Tuesday, November 23, 2010


Thanksgiving preparations are going in to full swing so I wanted to do an early Thanksgiving post.

I have a great deal to be thankful for this year.  All of my friends and family are healthy.  Everyone close to me has made it through the recession without the difficulties that many have faced.  I have 111 followers I never expected to have.  I've been able to complete a fairly major renovation on my home and I'll be hosting Thanksgiving dinner at my "new" house.

Although I often joke with my mother about my brother, sister and I being victims of her Crock Pot-everything with Cream of Something soup-the truth is much different.

My mom taught me to cook.

Mom with my grandparents and her younger
sister about the time they emigrated from Canada.

Mom wanted her boys to cook.  Just in case no one would have us, at least we wouldn't starve, she said.  Every Sunday after church while dad puttered in the cellar, mowed the two-acres of yard or worked on a home improvement project, my brother and I would put on our "play clothes" and help mom prepare Sunday dinner.  It was always the best meal of the week and never, ever from the Crock Pot.  Not on Sunday.  It was usually roast beef, Yorkshire pudding and whatever vegetables were fresh out of the garden (or frozen from the garden):  potatoes, carrots, onions, green beans and squash were typical accompaniments.  She planted a seed in us that matured into a love for cooking; in fact, I think she would agree that we're both really good cooks.  My sister on the other hand can't make toast.

My brother and I shortly after being incarcerated.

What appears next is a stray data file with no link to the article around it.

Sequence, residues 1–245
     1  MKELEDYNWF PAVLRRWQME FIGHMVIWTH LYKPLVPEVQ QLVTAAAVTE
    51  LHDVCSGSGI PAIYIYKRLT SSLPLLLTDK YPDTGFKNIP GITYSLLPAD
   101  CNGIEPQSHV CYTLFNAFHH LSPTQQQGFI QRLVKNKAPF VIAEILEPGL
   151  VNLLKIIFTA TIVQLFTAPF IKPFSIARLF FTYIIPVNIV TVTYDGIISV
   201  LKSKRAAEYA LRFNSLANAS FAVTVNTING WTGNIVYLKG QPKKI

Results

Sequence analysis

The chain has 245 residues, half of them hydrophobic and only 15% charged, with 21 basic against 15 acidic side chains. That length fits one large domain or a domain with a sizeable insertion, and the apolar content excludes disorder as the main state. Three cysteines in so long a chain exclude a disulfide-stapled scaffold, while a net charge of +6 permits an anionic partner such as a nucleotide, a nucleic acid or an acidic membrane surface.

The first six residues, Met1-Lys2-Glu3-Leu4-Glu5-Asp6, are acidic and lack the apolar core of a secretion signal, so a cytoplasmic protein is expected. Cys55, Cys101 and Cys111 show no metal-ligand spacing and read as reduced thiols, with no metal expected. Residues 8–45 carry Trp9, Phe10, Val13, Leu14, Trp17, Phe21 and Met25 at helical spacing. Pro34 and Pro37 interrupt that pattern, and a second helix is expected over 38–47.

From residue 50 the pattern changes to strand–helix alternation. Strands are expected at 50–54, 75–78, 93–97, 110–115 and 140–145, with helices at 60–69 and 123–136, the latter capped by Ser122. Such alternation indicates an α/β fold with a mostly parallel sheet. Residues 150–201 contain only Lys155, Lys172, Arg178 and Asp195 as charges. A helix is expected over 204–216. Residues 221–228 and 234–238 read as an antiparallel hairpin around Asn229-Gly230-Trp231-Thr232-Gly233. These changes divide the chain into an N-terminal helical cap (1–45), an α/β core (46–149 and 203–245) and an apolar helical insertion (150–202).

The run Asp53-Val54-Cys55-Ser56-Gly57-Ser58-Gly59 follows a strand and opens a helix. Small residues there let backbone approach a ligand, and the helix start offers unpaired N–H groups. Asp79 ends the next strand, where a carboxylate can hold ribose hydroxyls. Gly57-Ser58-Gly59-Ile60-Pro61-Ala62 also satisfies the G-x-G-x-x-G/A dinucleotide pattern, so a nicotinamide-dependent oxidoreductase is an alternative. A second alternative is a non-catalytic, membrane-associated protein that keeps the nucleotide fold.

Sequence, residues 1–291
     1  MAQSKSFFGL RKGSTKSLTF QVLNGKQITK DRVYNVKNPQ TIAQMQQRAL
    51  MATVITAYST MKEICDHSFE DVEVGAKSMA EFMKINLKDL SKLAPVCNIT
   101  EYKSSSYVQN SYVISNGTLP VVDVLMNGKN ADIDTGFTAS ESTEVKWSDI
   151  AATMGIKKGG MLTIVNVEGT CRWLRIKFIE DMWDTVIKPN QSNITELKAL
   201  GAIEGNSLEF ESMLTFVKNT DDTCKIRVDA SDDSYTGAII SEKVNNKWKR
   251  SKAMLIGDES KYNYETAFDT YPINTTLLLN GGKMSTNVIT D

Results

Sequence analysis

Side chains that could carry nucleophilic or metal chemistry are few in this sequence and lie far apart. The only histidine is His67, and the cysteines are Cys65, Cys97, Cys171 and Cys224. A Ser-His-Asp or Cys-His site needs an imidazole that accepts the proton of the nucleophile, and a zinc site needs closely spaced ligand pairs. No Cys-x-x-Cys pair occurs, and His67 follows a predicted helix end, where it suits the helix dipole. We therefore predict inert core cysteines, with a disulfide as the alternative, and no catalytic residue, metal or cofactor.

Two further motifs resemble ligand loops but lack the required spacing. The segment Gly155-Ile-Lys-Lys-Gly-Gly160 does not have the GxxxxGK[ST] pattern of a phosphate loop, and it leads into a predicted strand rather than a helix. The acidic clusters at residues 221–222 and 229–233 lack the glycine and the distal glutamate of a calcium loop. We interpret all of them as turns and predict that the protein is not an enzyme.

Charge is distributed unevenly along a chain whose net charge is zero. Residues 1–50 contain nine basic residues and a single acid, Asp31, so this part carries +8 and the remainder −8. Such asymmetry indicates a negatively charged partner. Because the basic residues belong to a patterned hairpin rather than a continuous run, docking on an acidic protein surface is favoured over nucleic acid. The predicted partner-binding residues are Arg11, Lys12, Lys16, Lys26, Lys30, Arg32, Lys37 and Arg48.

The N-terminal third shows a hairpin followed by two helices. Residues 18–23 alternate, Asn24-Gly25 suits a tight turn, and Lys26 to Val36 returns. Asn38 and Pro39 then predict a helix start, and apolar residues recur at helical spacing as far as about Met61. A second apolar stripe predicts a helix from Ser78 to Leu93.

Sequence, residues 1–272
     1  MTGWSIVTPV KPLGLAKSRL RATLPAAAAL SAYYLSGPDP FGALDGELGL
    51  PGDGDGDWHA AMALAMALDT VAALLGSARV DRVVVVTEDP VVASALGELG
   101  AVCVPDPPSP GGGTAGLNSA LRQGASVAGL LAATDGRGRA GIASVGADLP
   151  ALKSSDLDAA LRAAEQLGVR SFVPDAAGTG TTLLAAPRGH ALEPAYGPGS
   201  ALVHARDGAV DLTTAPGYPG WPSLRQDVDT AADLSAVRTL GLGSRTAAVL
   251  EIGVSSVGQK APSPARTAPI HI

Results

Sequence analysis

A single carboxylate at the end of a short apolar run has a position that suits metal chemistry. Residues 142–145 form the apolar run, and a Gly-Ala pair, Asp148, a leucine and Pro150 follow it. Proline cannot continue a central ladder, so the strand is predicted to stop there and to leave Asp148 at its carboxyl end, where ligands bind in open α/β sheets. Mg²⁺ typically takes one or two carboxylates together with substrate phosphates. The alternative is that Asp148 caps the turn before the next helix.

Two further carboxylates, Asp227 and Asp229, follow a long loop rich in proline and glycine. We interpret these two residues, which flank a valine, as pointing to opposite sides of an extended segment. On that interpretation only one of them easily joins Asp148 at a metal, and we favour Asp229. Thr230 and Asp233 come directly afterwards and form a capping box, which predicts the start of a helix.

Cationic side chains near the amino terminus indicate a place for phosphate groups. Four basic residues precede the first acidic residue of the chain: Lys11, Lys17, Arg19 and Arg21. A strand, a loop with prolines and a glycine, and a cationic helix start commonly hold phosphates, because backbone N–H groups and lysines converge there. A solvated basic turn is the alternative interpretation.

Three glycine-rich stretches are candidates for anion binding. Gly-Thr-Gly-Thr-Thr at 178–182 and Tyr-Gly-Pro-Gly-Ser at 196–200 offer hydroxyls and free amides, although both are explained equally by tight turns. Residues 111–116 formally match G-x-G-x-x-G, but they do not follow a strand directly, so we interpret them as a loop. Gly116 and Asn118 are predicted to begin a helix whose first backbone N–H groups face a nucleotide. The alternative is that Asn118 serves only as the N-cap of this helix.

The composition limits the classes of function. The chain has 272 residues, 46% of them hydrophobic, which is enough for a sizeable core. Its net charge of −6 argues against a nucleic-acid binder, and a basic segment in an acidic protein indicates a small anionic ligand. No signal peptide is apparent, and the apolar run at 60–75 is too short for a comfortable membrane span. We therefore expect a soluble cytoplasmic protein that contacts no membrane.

I'm the one with the ears (which I'm thankful my
parents had fixed when I was six.)
Click on photo to make my ears bigger.

My brother Cliff is a real "guy's guy" cook.  He loves to smoke and grill things; I prefer to saute and braise.  He's more of a tried-and-true cook; I'm more of an experimenter.  He would never make a dessert because that's a woman's job; I love to bake.  He loves Emeril and Guy Fieri (and Giada, but that's a different story); I love Julia and Ina.  He uses recipes; I tend to skim recipes to understand flavor profiles and then just wing it.

(It's my dream to retire early and go to culinary school)

As a result of this gift my mother gave me, everyone wants to be at my house for holiday dinners.  I love trying new dishes on my guests but, at Thanksgiving, people don't like you messing with the traditional dinner.  A few years ago, I presented a Southwestern Thanksgiving that included potatoes gratin with poblano peppers and goat cheese and sweet potato tacos with maple-ancho chili glaze.  My spicy Thanksgiving dinner received a chilly reception.

So it was expected when I put out the idea that we would have a vegetarian Thanksgiving this year, that I would be shot down.  Not only shot down but offered a few expletives in return.  I explained that I would come up with several wonderful vegetarian dishes filled with the flavors of Thanksgiving so one would even miss the turkey.  No one was buying in.

So this is my menu:

Stuffing with fresh herbs and apples
Mashed potatoes and gravy
Roasted and pureed butternut squash
Roasted brussels sprouts
Fresh cranberry-orange relish
Pumpkin pie

It's a meal perfect for any nursing home.  But it's what people want and it will be nice to spend the day with friends who appreciate it.

This year, an old friend is visiting from Upstate New York.  It's been 22 years since he was here on Thanksgiving and, the last time, the occasion was marked with a snowstorm.  It will be a  long weekend event with probable visits to the newly opened wing of the Museum of Fine Arts and a day in Maine or "down the Cape."  I'm also doing brunch on Saturday for another group of friends.  I have no idea what I'm making but I'm experimenting with a brunch cocktail to kick it off.

Rosemary twigs in Svedka vodka